Responding to today’s ruling by the European Court of Human Rights that Turkey’s repeated extensions to the pre-trial detention of opposition leader Selahattin Demirtaş, were politically motivated and violated Articles 5(3) and 18 of the European Convention on Human Rights and were “stifling pluralism and freedom of political debate”, Turkey Strategy and Research Manager, Andrew Gardner said:
“This ruling by Europe’s top human rights court should have far-reaching implications within the country where civil society actors are routinely remanded in prolonged pre-trial detention under trumped up charges. It exposes the pernicious and undue influence of politics in Turkey’s broken judicial system, in which the peaceful expression of opinions and political dissent are punished through the courts.
This ruling exposes the pernicious and undue influence of politics in Turkey’s broken judicial system, in which the peaceful expression of opinions and political dissent are punished through the courtsAndrew Gardner, Amnesty International
“As a member state of the Council of Europe, Turkey is bound by the Court’s rulings. The authorities must implement the Court’s decision and immediately release Selahattin Demirtaş from his prolonged and unlawful pre-trial detention.”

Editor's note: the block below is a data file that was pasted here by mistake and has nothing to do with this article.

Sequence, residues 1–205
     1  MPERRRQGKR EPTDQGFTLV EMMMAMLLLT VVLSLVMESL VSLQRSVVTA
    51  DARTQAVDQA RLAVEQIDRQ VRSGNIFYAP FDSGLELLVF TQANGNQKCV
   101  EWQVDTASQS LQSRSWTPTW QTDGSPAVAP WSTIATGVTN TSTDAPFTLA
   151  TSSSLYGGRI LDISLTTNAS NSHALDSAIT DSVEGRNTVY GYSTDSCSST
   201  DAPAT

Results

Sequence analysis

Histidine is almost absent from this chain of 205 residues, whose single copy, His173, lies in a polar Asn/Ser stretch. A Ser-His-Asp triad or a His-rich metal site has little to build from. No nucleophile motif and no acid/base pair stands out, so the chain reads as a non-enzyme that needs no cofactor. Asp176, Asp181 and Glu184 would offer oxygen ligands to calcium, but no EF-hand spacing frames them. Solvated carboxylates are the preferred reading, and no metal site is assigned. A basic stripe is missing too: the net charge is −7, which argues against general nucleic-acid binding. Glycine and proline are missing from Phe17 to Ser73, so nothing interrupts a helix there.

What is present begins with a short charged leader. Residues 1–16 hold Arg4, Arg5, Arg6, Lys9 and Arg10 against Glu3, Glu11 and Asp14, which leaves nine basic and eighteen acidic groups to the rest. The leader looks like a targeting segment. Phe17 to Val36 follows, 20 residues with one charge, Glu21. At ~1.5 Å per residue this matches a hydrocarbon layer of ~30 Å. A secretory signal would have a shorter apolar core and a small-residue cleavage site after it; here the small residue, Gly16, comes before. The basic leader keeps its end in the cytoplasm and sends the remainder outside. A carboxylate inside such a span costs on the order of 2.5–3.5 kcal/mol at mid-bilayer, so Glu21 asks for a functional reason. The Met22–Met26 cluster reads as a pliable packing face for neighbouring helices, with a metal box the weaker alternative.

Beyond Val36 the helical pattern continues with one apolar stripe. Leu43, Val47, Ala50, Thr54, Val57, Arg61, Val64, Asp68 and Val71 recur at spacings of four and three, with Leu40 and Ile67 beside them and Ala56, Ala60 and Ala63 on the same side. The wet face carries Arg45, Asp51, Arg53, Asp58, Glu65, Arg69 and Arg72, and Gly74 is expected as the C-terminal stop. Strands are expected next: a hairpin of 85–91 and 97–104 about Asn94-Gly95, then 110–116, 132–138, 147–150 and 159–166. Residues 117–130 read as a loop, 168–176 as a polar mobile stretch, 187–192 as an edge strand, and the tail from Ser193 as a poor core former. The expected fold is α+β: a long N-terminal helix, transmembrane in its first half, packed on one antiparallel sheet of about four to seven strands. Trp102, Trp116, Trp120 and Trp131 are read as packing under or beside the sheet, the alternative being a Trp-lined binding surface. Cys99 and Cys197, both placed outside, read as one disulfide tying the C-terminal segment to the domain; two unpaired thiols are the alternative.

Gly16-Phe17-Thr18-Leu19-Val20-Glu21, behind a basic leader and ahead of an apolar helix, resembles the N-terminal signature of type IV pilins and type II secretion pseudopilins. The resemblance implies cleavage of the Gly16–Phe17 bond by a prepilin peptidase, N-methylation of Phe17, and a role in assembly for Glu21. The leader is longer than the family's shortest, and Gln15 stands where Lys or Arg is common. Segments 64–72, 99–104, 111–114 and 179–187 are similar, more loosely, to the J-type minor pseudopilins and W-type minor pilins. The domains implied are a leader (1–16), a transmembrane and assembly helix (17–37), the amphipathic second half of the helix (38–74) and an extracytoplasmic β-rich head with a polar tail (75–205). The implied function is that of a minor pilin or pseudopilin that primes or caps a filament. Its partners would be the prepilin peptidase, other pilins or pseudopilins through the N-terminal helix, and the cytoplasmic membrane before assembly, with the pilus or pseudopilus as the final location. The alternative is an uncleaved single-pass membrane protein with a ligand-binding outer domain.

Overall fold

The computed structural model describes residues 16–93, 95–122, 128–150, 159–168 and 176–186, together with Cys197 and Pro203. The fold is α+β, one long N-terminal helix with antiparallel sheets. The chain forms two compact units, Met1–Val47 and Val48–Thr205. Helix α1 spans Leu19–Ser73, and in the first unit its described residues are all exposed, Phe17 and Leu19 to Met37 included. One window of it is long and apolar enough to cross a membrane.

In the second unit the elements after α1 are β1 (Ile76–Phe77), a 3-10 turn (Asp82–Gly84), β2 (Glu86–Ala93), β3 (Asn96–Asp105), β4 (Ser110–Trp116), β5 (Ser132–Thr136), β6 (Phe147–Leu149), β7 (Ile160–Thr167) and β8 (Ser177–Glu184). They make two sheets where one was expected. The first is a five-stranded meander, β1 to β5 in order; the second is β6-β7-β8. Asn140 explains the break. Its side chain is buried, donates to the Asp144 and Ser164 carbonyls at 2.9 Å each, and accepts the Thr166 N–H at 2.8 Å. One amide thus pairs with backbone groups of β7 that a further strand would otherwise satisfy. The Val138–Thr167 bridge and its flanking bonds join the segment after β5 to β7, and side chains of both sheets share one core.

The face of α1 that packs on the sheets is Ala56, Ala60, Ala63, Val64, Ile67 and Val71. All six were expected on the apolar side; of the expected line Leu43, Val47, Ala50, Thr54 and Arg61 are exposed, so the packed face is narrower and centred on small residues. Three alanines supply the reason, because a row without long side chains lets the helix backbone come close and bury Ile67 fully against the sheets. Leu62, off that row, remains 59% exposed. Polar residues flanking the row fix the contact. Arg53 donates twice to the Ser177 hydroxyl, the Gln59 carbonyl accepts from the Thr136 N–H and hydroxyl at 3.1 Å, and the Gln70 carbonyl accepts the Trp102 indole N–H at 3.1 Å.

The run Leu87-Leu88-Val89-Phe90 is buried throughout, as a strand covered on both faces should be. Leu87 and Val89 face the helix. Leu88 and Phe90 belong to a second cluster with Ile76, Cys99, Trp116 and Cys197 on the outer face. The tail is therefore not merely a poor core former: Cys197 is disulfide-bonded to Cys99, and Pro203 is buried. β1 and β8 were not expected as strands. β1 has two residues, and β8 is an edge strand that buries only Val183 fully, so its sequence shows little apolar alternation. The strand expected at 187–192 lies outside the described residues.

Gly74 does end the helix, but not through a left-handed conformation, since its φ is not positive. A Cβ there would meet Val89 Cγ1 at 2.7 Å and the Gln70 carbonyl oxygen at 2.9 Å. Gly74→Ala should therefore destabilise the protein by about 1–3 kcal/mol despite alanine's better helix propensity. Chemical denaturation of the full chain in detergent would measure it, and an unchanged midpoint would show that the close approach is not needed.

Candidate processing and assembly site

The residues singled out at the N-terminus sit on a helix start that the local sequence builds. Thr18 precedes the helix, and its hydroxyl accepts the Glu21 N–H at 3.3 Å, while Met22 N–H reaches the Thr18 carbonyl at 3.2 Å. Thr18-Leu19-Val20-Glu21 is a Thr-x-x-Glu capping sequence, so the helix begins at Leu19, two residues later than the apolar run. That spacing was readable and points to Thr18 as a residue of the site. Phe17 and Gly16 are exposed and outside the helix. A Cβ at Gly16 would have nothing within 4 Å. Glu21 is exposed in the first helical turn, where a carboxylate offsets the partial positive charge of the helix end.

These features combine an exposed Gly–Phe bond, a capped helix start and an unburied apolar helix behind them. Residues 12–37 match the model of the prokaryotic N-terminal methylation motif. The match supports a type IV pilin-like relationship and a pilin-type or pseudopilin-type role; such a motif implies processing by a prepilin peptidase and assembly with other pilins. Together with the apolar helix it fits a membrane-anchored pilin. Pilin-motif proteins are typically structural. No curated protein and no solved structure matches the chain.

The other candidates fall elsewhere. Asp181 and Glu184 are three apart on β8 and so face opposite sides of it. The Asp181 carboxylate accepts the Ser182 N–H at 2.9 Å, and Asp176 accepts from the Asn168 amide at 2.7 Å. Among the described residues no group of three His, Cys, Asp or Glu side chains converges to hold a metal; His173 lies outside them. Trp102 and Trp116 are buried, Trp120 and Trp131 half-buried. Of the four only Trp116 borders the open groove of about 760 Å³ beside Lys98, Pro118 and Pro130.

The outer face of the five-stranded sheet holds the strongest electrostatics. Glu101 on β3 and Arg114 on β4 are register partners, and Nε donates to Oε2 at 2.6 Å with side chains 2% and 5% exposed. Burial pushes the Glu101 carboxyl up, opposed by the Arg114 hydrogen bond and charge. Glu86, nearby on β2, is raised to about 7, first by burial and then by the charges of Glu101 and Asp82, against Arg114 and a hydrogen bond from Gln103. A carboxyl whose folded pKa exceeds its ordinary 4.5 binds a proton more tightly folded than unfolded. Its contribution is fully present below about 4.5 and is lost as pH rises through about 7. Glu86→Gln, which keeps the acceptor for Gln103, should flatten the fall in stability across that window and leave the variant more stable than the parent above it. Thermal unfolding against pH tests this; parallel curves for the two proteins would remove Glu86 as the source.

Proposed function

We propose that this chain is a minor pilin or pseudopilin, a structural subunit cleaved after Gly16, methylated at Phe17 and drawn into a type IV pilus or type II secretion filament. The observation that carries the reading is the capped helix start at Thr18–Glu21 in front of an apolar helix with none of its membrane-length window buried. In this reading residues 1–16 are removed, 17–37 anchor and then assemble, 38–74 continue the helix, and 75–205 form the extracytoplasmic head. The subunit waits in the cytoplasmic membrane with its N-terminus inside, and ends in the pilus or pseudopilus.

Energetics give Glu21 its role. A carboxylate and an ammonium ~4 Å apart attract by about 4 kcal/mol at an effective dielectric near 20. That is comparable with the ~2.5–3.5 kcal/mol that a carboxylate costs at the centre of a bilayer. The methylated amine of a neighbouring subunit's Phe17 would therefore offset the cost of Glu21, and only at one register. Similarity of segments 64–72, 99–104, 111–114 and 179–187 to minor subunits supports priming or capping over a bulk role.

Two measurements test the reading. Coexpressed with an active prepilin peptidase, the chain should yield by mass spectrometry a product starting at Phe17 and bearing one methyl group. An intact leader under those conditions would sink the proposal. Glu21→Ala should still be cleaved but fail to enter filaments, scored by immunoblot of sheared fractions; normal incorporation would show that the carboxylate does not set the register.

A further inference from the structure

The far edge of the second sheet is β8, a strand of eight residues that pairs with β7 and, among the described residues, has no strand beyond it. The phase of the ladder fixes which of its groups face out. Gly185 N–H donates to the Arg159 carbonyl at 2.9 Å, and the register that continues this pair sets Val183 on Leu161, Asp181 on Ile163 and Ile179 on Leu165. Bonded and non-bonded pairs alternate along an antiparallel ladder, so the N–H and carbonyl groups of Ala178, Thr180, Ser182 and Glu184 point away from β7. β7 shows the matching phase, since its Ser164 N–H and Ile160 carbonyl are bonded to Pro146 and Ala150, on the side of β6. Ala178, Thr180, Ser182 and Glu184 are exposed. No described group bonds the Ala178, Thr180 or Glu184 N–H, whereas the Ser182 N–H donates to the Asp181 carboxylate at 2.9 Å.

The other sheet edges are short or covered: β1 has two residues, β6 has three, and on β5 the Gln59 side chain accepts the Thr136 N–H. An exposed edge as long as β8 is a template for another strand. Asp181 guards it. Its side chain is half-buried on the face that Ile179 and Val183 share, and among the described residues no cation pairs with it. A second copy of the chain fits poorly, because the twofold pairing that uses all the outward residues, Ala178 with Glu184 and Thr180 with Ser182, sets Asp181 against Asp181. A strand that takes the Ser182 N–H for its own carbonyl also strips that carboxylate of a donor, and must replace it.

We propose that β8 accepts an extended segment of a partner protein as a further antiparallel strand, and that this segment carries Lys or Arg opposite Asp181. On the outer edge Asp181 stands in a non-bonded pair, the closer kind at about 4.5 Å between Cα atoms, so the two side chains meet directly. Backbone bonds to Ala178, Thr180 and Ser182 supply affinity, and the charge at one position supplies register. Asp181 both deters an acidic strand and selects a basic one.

This judgement is the first ever finding of a violation of Article 18 (limitation on use of restrictions on rights) against Turkey. The Court made this finding in conjunction with its finding that Turkey violated Article 5(3) of the Convention (right to be tried within a reasonable time).
Selahattin Demirtaş, the former co-chair of the opposition Peoples’ Democratic Party (HDP), has been held in pre-trial detention for more than two years.
The Court’s ruling establish that extensions to Selahattin Demirtaş’ pre-trial detention were not only wrong but pursued with the purpose of stifling pluralism and limiting freedom of political debate, a first in a case against Turkey.
The Court ordered the Turkish government to “take all necessary measures to put an end to the applicant’s pre-trial detention” at the earliest possible date and considered that “any continuation of Mr Demirtaş’s pre-trial detention would entail a prolongation of the violation of Article 5(3) and Article 18 of the Convention and a breach of the obligations on respondent States to abide by the Court’s judgment.”